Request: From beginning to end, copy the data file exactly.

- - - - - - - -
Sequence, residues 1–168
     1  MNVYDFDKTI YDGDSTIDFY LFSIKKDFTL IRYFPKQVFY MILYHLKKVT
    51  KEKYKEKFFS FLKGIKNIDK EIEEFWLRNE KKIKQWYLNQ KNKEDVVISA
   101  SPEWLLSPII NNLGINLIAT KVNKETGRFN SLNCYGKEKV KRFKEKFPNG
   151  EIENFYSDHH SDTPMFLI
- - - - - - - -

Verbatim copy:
Sequence, residues 1–168
     1  MNVYDFDKTI YDGDSTIDFY LFSIKKDFTL IRYFPKQVFY MILYHLKKVT
    51  KEKYKEKFFS FLKGIKNIDK EIEEFWLRNE KKIKQWYLNQ KNKEDVVISA
   101  SPEWLLSPII NNLGINLIAT KVNKETGRFN SLNCYGKEKV KRFKEKFPNG
   151  EIENFYSDHH SDTPMFLI